Concurrent validity

In the delirium group, the strongest correlations were between the DRS-R98-K total and severity scales and the DRS-K scale (r=0.831, r=0.811, respectively). Correlations between the DRS-R98-K total and severity and the MMSE-K scales were strong but in the moderate range (r=-0.657, r=-0.672, respectively) while with the CGI-S was also moderate but the lowest of the scale comparisons (r=0.532, r=0.552, respectively). All were statistically significant (p=0.000). These results demonstrate that the DRS-R98-K rating scale is a validated instrument for delirium. In the all-subjects comparison, all correlations were also significant. Strengths of correlation paralleled the pattern for the delirium only correlations.

Predictive validity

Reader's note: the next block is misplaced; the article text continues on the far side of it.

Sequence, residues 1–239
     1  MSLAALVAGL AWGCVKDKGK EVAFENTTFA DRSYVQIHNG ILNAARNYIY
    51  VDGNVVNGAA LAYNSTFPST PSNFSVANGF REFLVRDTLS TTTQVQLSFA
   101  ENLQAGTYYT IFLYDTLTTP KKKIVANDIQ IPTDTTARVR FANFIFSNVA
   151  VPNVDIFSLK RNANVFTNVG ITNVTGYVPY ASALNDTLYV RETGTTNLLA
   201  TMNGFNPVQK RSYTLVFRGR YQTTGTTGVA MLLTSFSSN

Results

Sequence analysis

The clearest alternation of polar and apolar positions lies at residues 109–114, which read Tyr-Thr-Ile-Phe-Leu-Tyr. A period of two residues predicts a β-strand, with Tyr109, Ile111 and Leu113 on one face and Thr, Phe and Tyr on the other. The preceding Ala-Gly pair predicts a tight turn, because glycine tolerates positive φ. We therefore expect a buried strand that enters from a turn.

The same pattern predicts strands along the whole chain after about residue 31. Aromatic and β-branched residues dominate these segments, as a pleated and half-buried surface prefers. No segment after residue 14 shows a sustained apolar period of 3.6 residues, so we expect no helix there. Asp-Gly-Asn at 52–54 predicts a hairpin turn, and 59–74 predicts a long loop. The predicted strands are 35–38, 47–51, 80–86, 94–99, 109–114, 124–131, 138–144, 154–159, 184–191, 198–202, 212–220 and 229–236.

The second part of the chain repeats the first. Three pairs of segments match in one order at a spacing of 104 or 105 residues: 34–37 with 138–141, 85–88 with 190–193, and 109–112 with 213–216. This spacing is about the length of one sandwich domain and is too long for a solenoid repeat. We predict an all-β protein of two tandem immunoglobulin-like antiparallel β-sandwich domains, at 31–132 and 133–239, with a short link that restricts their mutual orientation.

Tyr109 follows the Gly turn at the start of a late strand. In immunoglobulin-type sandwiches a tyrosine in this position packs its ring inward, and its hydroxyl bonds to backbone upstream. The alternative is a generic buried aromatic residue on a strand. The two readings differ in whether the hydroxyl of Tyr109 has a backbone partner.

Mean scores for all rating scales were significantly different across groups at the p=0.000 or p=0.009 level (Table 1). Post hoc analysis demonstrated that DRS-R98-K total score was significantly higher in the delirium group compared to all other groups. The dementia group was also significantly different from the other three groups, though mean rating scale scores did not differ between the schizophrenia and other psychiatric group. The DRS-R98-K severity score was also significantly different among groups (p<0.001) where the delirium group had the highest mean score, followed by dementia, schizophrenia, and other psychiatric groups. DRS-K scores were significantly different across groups (p<0.001) where delirium group was significantly higher than in any other group, where the dementia group was significantly higher than the schizophrenia and other psychiatric groups that were similar to each other.